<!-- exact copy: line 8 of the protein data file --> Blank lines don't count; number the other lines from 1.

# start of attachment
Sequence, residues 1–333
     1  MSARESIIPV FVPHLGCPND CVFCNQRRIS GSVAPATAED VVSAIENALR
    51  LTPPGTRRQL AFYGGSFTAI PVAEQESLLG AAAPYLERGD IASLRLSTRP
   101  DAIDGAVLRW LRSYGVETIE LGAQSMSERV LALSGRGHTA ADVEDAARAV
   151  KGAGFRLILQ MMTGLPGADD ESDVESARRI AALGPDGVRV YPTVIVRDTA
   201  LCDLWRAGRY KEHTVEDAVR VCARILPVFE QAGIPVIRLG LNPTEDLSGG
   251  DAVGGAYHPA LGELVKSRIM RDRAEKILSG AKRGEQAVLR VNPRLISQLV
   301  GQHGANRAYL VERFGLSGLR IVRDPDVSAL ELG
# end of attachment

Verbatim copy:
   301  GQHGANRAYL VERFGLSGLR IVRDPDVSAL ELG